***The interface material can be used to boost security of not only the nuclear power plants but also that of the spacecrafts from radiation in universe. The research team is focusing on materials called as nanofoams. These materials are ideal as nuclear safety interfaces because of their high densities for absorbing large amount of radiations. The surface of nanofoams provides a high density sink for radiations. ***

  • HardLeft

    It does seem like the tone of the dialogue on this entire site is bumping up a notch– more science, less BS, more respect, etc. Great posts in particular by FireGuy and Mitisu on previous threads, but many others great posts on other threads as well.

    This is like trying to drink from a firehose of information, so just a few quick thoughts here:

    On the current state of the corium, a few relevant posts from Physics Forum, did not copy down the screen names of those posting:

    “It’s not very well understood why the corium stopped flowing, at Chernobyl. Maybe Dimitry was right and it self-distilled, releasing all/most of the fission products and so decreasing its heat production. I don’t know, no one knows, but I don’t see how not cooling the corium is better than cooling the corium.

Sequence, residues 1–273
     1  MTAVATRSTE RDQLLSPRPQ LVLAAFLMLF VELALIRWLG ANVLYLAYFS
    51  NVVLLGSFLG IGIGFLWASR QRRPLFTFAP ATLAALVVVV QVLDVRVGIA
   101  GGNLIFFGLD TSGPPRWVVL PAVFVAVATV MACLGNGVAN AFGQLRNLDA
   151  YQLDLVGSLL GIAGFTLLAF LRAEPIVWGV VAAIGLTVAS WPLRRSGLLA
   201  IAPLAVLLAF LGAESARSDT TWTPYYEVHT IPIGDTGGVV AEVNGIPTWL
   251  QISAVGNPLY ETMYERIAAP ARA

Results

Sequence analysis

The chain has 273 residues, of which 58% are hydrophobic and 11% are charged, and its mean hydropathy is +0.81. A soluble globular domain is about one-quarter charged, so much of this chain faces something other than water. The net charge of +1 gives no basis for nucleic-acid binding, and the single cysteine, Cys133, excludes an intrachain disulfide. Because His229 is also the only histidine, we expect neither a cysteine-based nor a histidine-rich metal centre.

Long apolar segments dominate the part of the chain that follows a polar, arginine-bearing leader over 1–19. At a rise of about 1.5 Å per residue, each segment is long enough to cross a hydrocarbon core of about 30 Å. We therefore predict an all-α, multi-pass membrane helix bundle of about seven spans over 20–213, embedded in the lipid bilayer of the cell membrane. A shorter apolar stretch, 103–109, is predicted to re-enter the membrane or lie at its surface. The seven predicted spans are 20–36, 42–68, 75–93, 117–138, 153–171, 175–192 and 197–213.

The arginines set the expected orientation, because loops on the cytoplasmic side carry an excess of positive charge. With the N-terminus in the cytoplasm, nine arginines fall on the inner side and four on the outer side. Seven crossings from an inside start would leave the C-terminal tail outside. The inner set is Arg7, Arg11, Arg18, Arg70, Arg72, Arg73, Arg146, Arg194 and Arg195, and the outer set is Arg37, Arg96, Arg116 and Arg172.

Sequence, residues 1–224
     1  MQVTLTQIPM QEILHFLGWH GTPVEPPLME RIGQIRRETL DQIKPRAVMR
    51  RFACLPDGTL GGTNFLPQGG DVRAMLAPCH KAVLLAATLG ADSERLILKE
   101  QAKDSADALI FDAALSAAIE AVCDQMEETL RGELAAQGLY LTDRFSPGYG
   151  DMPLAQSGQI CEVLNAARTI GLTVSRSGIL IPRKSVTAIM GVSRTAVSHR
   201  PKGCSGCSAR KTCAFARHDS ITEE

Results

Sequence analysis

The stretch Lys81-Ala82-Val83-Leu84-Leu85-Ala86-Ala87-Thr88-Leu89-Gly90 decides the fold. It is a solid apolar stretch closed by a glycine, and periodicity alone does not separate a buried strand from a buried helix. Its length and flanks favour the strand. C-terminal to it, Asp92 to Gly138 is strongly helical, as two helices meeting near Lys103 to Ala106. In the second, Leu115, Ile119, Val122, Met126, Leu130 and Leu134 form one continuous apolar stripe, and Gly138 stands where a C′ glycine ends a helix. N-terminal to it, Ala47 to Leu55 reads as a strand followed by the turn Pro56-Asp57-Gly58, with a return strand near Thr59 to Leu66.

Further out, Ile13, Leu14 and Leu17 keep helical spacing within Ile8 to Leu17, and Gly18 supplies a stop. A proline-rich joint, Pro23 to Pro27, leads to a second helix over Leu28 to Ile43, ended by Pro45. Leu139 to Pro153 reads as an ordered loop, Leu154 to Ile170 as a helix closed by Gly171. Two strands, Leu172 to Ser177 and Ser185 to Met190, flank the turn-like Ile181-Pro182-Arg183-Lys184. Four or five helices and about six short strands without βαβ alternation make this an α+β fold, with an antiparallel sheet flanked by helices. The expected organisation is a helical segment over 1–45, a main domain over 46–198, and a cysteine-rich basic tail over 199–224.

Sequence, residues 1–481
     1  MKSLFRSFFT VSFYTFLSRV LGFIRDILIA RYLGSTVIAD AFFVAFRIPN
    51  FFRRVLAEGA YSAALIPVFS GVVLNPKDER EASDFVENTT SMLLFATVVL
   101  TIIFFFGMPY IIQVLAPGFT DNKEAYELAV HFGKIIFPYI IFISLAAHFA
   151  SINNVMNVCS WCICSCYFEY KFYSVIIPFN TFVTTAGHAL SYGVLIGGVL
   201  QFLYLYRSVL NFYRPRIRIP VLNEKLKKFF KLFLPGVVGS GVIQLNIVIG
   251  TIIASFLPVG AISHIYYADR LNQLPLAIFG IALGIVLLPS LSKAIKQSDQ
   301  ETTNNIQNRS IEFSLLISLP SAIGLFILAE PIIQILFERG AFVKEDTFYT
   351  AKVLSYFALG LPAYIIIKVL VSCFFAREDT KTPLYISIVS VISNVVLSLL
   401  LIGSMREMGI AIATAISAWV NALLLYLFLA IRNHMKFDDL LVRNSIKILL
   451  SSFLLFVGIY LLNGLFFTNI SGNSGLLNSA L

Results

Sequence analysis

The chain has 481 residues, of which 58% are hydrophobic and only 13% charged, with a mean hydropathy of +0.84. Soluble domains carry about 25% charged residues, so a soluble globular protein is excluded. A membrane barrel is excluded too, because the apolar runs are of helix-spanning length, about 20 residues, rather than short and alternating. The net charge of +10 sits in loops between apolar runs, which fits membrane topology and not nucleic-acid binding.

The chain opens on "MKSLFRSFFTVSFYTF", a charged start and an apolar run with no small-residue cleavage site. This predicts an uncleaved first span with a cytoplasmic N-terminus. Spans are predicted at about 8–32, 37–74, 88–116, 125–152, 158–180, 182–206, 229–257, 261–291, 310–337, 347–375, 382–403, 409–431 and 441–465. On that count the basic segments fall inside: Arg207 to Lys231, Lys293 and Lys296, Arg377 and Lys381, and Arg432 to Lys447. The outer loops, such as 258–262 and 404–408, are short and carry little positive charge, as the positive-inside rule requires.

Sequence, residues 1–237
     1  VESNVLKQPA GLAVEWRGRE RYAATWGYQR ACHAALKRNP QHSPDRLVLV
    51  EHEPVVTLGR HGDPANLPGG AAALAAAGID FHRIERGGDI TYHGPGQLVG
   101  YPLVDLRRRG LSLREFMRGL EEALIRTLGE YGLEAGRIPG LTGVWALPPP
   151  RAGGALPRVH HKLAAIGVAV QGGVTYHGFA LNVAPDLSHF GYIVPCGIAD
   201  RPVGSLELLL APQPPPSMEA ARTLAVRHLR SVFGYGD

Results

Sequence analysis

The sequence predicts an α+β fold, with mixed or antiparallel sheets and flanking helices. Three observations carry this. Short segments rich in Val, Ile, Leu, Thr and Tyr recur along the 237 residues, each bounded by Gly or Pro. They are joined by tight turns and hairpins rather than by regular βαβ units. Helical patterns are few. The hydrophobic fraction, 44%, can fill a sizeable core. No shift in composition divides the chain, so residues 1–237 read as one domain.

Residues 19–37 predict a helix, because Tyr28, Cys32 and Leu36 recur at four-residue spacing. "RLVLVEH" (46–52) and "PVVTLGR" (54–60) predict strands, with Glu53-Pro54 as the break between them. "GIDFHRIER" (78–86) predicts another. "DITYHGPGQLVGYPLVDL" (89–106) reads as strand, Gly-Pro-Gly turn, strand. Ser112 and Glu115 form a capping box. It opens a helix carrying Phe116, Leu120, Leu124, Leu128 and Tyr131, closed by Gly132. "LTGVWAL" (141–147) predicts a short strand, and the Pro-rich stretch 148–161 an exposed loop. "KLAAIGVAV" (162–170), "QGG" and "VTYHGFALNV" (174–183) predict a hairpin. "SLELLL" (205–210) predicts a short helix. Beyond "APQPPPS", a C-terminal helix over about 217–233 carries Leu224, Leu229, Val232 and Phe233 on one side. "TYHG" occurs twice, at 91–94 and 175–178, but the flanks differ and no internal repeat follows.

It appears to me that our only practical experience with corium has been at TMI and Chernobyl. In both cases, the corium failed to deliver the catastrophic behavior predicted of it.”

    Yeah, well, unless you work in health care and you are into epidemiology. From my perspective, Chernobyl delivered big time, but the larger point is that this is an unprecedented experiment. What I’m seeing is that even people way smarter than me have no clue what is going to happen next, and at least they are being somewhat honest about it.

    • I agree, is settling down into what it wants to be.

      It started out “the sky is falling, oh no!” [which is true].

      Now, the sky has fallen.